We created ABC Kitchen. Farm-to-table. It’s all simple food, but has an edge of some flavors. Next door there was a restaurant called Pipa, a Spanish restaurant with tapas. It was part of my lease to take it over. We shut it down New Year’s Eve of this year and opened four months after. It’s farm-to-table as well, but with some Spanish flavors, not only from Spain, but from South America. When I did research for that food, it very similar to South East Asia. You have coriander, chili, coconut, and mango. The same kind of ingredients done in a different way, but it was very easy for me to absorb.
What is the relationship between ABC Home and ABC Kitchen?
When they approached me for ABC Kitchen – there was a restaurant called Lucy there – they decided to change it, because it wasn’t working very well. I came there and we talked about being farm-to-table since we were half a block away from Union Square. Only they wanted to call it Love. I said, “We are in the ABC building, let’s call it ABC Kitchen. You do the décor and I’ll do the food.” And it took off. We’re going to do ABC To Go or Home Grown. We’re not sure of the name yet.
You even have a chicken concession in Madison Square Garden.
We have a concept called Simply Chicken. We offer chicken salad, a chicken sandwich, a chicken hot dog. This year we are adding chicken soup and a chicken taco. Why not?
Why is breakfast your favorite meal?
I love breakfast because I grew up in France and a slice of bread with butter and jam and a bowl of coffee is breakfast. French toast in France we eat for dessert. Three restaurants serve breakfast – The Mark Hotel, Jean Georges, and the Mercer in Soho.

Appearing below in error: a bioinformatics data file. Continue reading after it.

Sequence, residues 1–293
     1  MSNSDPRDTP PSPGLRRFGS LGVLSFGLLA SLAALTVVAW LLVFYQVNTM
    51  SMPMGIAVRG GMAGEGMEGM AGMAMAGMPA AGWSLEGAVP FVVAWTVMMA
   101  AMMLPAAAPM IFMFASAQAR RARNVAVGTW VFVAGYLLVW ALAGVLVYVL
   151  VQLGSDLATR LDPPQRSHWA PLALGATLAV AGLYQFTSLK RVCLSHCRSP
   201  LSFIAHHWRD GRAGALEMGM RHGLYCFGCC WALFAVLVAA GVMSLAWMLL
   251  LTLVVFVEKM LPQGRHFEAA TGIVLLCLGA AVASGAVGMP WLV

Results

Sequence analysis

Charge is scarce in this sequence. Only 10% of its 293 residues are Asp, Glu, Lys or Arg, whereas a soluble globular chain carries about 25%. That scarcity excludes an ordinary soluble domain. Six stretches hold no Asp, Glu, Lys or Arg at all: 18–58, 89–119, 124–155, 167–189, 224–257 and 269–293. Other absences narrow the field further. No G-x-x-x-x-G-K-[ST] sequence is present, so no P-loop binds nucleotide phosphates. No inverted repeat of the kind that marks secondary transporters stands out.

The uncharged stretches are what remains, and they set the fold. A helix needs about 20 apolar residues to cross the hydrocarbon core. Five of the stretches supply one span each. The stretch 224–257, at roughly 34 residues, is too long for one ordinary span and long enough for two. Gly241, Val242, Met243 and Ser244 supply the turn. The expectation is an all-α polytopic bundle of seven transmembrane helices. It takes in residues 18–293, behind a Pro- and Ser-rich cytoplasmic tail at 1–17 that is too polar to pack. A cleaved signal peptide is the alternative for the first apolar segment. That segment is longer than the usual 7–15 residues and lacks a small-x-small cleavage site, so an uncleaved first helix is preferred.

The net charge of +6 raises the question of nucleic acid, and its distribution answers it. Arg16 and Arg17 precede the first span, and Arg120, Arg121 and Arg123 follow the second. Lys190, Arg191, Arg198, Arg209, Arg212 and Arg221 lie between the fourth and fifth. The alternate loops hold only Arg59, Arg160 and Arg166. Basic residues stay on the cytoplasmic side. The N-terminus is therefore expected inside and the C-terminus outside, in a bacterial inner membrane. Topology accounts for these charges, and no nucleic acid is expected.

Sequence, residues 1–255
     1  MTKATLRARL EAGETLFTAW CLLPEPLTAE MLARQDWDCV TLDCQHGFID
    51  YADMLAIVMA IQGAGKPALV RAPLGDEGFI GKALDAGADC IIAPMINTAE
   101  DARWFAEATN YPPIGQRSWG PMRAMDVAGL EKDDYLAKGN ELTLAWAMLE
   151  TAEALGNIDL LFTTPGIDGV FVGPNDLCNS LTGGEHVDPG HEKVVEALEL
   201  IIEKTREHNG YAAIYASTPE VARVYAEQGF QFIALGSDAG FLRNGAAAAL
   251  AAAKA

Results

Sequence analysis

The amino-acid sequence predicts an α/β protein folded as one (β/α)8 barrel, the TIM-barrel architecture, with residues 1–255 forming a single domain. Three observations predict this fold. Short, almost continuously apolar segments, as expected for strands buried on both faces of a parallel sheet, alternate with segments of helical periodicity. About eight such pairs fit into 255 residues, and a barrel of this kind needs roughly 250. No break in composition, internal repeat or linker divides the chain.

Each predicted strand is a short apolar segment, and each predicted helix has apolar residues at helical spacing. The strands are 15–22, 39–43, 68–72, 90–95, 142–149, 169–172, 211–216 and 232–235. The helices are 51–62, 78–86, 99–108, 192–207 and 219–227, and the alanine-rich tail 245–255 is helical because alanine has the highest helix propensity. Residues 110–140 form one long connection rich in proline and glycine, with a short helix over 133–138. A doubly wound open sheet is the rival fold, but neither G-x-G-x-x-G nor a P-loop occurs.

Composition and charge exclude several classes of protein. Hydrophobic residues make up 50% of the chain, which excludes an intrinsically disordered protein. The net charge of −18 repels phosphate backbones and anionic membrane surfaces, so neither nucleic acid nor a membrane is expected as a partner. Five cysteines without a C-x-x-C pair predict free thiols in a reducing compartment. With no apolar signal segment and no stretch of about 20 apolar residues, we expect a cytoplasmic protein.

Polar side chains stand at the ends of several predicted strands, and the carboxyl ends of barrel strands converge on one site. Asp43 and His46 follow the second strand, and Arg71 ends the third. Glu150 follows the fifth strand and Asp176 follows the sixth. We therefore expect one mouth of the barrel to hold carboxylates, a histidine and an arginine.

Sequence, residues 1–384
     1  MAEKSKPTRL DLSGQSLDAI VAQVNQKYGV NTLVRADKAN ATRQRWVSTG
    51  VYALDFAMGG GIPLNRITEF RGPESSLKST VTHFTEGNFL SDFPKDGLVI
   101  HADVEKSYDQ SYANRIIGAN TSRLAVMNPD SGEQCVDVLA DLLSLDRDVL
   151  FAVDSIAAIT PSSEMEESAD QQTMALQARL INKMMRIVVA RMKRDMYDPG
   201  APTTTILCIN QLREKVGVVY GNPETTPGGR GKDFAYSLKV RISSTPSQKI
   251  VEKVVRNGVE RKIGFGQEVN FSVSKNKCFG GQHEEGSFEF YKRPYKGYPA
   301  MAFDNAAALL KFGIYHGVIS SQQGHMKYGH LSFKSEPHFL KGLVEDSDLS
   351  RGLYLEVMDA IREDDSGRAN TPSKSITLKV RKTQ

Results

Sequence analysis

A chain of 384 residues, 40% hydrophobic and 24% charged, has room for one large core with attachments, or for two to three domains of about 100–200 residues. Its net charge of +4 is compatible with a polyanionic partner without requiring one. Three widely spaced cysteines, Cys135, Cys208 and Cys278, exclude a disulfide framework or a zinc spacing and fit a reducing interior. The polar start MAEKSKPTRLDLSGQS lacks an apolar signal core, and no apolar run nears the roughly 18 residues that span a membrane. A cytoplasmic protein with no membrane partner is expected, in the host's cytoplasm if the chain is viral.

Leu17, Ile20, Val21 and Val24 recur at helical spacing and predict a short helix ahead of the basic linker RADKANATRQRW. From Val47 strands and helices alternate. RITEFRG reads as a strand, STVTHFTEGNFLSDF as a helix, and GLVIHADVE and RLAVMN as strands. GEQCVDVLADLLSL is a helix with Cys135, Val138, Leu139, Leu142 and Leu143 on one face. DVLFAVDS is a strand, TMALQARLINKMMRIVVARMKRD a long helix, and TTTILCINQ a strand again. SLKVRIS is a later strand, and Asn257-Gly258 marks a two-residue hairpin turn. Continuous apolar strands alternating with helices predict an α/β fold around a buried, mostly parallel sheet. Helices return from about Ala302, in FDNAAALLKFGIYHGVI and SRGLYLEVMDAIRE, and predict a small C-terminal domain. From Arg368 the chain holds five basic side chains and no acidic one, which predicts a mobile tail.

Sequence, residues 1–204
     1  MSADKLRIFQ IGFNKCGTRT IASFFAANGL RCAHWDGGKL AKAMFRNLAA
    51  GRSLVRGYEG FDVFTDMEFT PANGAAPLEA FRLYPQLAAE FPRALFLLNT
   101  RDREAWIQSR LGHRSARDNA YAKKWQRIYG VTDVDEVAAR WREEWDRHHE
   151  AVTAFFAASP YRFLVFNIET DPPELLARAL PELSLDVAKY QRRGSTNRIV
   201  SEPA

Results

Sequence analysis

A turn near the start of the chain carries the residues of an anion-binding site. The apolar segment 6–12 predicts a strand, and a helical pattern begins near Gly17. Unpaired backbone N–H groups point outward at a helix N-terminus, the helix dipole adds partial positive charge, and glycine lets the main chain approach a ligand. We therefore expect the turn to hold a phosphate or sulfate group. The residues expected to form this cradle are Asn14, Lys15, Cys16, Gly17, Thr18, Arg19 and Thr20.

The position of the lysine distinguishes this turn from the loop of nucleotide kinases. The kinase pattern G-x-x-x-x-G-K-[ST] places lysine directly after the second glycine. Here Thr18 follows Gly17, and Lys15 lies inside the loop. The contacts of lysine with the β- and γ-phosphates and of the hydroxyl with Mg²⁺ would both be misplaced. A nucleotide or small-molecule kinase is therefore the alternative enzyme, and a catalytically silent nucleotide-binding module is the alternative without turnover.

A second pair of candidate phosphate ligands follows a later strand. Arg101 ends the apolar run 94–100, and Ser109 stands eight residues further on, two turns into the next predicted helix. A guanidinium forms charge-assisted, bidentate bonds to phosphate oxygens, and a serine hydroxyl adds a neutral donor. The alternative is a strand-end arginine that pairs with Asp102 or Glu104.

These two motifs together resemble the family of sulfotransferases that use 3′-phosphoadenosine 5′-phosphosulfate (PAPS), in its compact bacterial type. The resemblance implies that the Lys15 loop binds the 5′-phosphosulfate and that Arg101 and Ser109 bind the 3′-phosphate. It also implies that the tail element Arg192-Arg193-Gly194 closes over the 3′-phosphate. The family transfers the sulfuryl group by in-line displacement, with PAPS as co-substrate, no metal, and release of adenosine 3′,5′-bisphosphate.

You have three restaurants in hotels. What are the positives to that?
I like it because you serve breakfast, lunch, and dinner. We do room service as well. For business, it’s great. People say you don’t make money with room service, which is totally wrong. That means they don’t know how to make it. It keeps the operation really going 24 hours. All three restaurants are open 24 hours because of room service.
Where’s one location you’ve opened a restaurant in that you would have never thought you would?
Shanghai. We also have a place in Bora Bora. You have to take three planes and two boats to get there. It’s 60 seats. It’s on stilts. I try to go twice a year. [Laughs] I love diving and it’s a paradise for that. We have fishermen bringing fish right on the dock – it’s spectacular?
What’s one food you don’t like?
Zoo food. Alligator, zebra, kangaroo. Any animal in the zoo, I don’t cook.
Is it true you fall asleep with chocolate in your mouth every night?
Since I am 4 years old. I brush my teeth first. A piece of Lindt milk chocolate. And I have sweet dreams.